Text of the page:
A consortium of Chicago real estate lawyers approached the State legislature in 1963 with proposed legislation, inspired by new laws passed in Puerto Rico and Hawaii in 1958, that would allow ‘fee-simple’ ownership of individual units in a high-rise by specifically designating a process for dividing a project’s volume into legally defined parcels.[ii] They argued that this idea was, in fact, well-proven—“the idea dates from ancient Rome” was a common refrain—and that it had encouraged construction and found eager markets among both young families and older couples in the states that had passed similar laws.[iii] Shared ownership—or, from the Latin, “con dominium” offered a way to cut through the legal mess that came with defining air rights in a land-based system. Herbert Rosenthal, president of Dunbar Builders, which had managed to construct low-rise shared-ownership developments under the old laws in 1962, explained the benefits to the Tribune, noting that a condominium arrangement offered exactly the elusive “best of both apartment living and home ownership”:
“Condominium buyers have the security of ownership, along with its financial and tax advantages, as well as the convenience and freedom of an apartment dweller, he said.
“In a condominium project, buyers own their own apartment, while hallways, roof and other structural portions of the building, are owned in common with the other residents. Owners have individual title to their units and are responsible only for their own mortgages and taxes, and a small fee to maintain the grounds and common areas.
“The condominium plan differs from the cooperative in that individual dwelling units can be sold, exchanged, or rented by the owners independently of their neighbors. Co-operatives are owned by stockholder tenants, and permission is required from a governing body to sell or buy an apartment.”[iv]
But the new arrangement also offered developers an important benefit, in that it allowed them to walk away from a project once all of its units had been sold, leaving management to entities that could be formed by the owners themselves and eliminating the difficulties that came with collecting rent or running projects as corporations—a new class of developer emerged that focused on quicker turnarounds, rapid sales, and speed of construction as priorities.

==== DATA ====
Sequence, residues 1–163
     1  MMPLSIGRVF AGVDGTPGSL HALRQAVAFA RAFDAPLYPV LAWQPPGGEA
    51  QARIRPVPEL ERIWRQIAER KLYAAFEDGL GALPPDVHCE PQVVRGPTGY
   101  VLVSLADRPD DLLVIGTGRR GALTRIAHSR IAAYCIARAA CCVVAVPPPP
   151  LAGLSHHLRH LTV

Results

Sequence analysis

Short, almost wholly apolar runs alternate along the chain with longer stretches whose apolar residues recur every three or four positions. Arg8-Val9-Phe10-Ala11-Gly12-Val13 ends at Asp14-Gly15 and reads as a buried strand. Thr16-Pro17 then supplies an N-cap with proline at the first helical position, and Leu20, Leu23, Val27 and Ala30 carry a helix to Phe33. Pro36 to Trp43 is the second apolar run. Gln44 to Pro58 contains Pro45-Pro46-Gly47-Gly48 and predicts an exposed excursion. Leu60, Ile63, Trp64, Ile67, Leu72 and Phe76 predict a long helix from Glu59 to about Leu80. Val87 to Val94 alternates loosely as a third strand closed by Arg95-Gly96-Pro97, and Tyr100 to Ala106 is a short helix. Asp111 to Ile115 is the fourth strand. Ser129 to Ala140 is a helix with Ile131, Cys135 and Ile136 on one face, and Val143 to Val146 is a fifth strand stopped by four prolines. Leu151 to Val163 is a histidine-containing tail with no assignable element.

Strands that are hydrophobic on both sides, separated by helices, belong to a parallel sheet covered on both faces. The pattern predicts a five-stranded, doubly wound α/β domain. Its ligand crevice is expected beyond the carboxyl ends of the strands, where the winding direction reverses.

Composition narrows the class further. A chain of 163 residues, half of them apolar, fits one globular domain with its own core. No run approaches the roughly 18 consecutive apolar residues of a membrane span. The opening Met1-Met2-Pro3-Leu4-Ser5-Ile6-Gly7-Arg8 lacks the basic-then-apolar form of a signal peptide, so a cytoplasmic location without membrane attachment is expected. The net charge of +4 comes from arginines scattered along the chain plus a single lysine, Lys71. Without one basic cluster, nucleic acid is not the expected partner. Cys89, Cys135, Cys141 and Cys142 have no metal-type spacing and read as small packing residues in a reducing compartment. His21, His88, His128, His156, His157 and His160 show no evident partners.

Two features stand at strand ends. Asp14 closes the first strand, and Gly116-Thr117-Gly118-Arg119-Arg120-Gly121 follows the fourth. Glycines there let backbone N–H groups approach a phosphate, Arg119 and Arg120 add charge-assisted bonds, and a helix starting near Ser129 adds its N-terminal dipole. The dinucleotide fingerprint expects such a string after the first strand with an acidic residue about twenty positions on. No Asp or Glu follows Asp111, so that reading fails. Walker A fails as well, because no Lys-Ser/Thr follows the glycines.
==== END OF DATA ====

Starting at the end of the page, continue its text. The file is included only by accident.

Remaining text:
Passage of Illinois’ condominium law, in June, 1963, did not on its own spawn the next decade’s extraordinary burst of condominium construction.[v] Rather, it took acceptance from the orbit of financial institutions and a healthy dose of marketing to establish condominiums as rivals to both co-ops and rental apartments. The FHA provided much of the groundwork for this, though, extending its mortgage insurance programs to condominium projects nationwide in 1961, and with that security the city saw its first high-rise condominium announced three weeks before the law was even passed. 339 W. Barry, between Sheridan Road and Lake Shore Drive in Lakeview East, was an immediate ratification of the concept. Developed and built by F&S Construction, one of the suburbs’ largest homeowners, 339 Barry reflected a hunch by the company’s owner, Jack Hoffman, that there was a “move back to urban living.”[vi] Hoffman, namesake of one suburb where the firm had built nearly 2000 houses, had seen homebuilding slow and recognized that the new laws opened up an entirely new market, laying out the advantages to the press and pointing out that here, finally, was that elusive combination of ownership with “the benefits of living in a luxury apartment on Lake Shore Drive.”[vii]